The Unnecessary Slam on and Label of “Chick Lit”

In a recent piece in The New York Times, Jennifer Weiner remarked rather acidly that women writers are often demeaned for writing about themselves whereas men are characterized as writing about lofty theoretical topics and thus praised. She observes that Bill O’Reilly wrote a book of fiction years ago about a reporter who turned into a killer. If we apply the standards of chick lit to O’Reilly’s novel, Weiner suggests, O’Reilly will experience firsthand how women authors are demeaned and diminished in the universe of writers. He deserves nothing less, she posits wryly.

I think the assumptions undergirding the thinking about and explaining chick lit are misguided. As male and female authors, we shouldn’t be embarrassed about writing that reflects real life, real feelings and lived in the trenches experiences. We may write differently about war but does that make it less valuable and insightful? And here’s a catch as Weiner notes: chick-lit is a word ironically used to describe everything women write. Seriously. I guess that means that I write chick lit, both because I am a woman and because I reference personal experiences in virtually everything I publish --- blogs, articles, books.

Let me explain. If people accuse me of writing about topics that are informed by life experience (my own included), I do not see that as an insult. Since when is theory – delinked from reality – the paradigm of fiction or non-fiction success?

Embedded in the chick lit observations is the assumption that writing about oneself intentionally necessarily produces a weak literary product. Second, there is a belief that women are writing about themselves even when they are not doing so with psychological awareness and that too is revelatory of the female gender's weakness as an author. Finally, there is an assumption that quality writing can occur only or primarily when divorced from one’s person. All three assumptions are wrong.

Here’s my view – which stands in sharp contrast to these assumptions. Every time we write, we are reflecting ourselves, whether the work is fiction or non-fiction. What we choose to write about, how we write, the examples we use, the characters we create --- these are all reflections at some level of the author. Whether we are sufficiently self-aware is a totally different issue.

Many years ago, I wrote a book on our bankruptcy system, suggesting the collateral impact of debt on those engaged with the debtor directly and indirectly; I focused on community impacts of business insolvency. Who would have known that debt and the obligations money creates are issues prevalent in my own upbringing? And, does that realization diminish the power of the book’s argument? Indeed, for some readers, the support of community seemed “soft,” in a field like insolvency that lauds “hardness.”

Next, when we write fiction, why is it even questioned that the author’s life and life experiences inform how she or he reflects on life? Isn’t it obvious that we write not only from our brain but also from our lived experiences – even if we don’t know that is what we are doing? Haven’t psychiatrists done, somewhat controversially to be sure, psychoanalytic interpretations of literature? Isn’t it possible that outsiders see psychological conundrum that the author does not see?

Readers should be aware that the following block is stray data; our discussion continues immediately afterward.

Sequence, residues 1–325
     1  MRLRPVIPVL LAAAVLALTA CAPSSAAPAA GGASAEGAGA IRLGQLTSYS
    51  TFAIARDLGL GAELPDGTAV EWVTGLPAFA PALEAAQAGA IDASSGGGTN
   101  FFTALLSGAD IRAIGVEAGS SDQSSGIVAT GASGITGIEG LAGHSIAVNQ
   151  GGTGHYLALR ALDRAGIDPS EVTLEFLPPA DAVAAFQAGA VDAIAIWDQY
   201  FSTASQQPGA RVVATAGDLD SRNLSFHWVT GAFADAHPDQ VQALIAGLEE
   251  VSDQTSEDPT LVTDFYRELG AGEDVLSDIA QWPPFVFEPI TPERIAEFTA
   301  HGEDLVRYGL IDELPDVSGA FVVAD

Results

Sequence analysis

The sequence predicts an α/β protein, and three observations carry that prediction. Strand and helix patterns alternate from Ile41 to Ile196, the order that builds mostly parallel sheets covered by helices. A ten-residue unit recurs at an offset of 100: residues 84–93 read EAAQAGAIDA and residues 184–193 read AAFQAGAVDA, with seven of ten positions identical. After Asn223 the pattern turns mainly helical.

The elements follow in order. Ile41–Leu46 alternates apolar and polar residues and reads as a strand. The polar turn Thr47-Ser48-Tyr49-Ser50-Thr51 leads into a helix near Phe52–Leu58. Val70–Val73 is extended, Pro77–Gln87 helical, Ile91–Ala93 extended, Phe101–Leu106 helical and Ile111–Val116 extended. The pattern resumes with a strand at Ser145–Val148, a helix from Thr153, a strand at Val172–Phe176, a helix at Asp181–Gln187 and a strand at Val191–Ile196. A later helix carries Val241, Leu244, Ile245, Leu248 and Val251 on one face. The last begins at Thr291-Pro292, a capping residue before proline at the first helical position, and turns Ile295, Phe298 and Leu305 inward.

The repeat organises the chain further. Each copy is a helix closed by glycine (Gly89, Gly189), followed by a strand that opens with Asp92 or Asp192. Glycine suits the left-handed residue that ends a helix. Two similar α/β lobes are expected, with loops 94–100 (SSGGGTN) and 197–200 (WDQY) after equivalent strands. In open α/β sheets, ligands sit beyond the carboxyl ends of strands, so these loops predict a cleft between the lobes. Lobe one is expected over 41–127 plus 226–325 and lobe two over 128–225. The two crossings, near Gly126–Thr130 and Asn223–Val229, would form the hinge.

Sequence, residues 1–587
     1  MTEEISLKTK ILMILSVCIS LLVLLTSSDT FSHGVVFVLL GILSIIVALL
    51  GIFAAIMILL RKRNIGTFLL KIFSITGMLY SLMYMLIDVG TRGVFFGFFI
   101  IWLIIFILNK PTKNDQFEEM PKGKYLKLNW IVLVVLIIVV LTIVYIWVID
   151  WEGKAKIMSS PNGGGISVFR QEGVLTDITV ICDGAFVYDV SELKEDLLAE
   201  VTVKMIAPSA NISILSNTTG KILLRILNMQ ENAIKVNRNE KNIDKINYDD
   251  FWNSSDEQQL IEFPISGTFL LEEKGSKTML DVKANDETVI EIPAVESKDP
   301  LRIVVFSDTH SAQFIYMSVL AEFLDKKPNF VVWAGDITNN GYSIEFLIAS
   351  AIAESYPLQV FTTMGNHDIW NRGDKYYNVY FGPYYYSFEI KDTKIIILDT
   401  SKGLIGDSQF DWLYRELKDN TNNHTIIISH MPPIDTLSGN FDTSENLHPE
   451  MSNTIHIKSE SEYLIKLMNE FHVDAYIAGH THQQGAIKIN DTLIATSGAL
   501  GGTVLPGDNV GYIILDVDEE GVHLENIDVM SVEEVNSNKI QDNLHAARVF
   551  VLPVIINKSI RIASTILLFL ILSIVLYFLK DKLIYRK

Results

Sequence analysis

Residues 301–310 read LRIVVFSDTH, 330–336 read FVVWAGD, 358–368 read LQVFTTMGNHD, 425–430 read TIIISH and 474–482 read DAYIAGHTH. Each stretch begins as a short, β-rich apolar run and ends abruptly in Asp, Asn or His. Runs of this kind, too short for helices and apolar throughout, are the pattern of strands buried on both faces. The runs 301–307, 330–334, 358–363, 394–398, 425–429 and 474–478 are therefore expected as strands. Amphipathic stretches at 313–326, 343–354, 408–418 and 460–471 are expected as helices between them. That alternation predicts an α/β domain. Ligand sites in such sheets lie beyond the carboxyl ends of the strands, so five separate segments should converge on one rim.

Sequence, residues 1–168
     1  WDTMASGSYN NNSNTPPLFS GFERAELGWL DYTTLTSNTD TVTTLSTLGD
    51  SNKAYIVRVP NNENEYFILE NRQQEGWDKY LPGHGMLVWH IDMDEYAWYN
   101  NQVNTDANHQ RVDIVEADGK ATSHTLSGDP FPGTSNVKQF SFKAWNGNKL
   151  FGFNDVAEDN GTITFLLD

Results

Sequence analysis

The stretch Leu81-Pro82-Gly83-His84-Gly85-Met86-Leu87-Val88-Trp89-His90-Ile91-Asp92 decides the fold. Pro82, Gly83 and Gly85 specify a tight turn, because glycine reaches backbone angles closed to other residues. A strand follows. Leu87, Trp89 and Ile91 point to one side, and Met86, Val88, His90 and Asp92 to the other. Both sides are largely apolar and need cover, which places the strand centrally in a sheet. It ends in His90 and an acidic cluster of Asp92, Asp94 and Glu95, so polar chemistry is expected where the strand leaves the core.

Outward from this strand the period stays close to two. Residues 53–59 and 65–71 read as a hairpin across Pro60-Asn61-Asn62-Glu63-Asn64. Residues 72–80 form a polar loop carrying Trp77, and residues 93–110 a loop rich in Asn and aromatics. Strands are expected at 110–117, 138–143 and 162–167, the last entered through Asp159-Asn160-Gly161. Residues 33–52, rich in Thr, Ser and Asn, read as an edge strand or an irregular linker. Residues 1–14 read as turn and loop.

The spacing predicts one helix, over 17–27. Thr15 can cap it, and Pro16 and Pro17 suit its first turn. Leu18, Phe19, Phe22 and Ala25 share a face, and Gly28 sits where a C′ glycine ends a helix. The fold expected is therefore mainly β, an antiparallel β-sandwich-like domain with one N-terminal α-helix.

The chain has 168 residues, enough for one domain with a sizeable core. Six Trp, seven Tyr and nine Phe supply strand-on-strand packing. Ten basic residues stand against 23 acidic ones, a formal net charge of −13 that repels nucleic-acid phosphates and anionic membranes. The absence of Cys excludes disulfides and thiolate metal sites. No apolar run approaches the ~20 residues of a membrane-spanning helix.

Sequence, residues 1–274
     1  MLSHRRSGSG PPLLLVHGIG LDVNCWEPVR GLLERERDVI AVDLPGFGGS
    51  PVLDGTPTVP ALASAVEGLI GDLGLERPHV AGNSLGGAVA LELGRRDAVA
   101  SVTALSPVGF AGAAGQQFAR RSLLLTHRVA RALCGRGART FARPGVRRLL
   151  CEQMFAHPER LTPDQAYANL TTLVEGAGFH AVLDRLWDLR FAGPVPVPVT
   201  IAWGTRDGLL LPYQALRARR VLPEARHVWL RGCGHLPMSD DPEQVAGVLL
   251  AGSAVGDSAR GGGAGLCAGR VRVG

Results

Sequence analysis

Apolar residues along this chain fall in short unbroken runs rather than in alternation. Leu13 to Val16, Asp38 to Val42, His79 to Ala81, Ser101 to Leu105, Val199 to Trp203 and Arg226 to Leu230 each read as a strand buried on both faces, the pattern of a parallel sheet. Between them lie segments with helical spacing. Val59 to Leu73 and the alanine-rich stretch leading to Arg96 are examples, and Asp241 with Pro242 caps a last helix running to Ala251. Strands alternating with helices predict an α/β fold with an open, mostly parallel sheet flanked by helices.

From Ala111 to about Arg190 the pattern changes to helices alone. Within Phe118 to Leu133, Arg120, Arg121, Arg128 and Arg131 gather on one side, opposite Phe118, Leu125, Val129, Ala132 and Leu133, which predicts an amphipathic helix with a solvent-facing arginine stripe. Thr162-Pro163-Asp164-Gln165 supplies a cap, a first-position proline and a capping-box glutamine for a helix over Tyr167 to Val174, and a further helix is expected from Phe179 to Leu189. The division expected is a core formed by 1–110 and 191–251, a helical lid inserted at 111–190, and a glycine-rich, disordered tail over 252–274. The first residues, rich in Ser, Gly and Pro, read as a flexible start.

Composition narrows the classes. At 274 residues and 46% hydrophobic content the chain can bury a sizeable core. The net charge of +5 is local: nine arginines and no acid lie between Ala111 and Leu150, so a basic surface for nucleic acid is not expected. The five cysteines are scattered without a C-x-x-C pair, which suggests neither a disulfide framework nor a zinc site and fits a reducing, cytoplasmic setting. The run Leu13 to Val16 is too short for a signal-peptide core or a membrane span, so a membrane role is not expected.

Recently, I wrote a children’s book, with no express intention of saying that the story was actually my story. Indeed, it was not until a child at a book reading asked: “Are you Lady Lucy?” Yipes. The child picked up something I did not intend and did not see as a generalizable matter. And the answer to that question – if I am open and honest – is yes (to a certain extent). The final test Lady Lucy takes, for those who have read the book, is a test I take daily.

My newest book, Breakaway Learners, is at once autobiographical and deeply informed by my own life experiences. Does that diminish the impact and accuracy of the book? Since when is lived experience a negative and not generalizable? Don’t we want people who are informed by what occurs in the trenches and in real life?

Ask this question too: why do we assume that we can divorce our mind from our emotions? Our emotions are not emanating from our liver; they too are housed in our minds. OK, a math text may not support this thesis but a research project on the student disciplinary process may well be informed by one’s own life experience and that of their children. We are keen apparently on showing that quantitative data is vastly better and more important than qualitative data. Is that because one springs from the brain and not the heart? How foolish can we be as we reflect on human nature – and what makes up the whole person? And, quantitative data still need analysis and that is done by people -- and their interpretations may differ.

If chick lit means literature written by women that reflects life experience and emotion – whether that is fiction or non-fiction – then I will accept the moniker happily. I can say then, with pride, that I produce quality work informed by life experience whether that is a children’s book or an adult book or a coffee table book. The flaws in Bill O’Reilly’s novel are not because what he wrote was autobiographical; it is because he wrote a bad book. Don’t label him a writer of chick lit; that’s an insult to chick lit.

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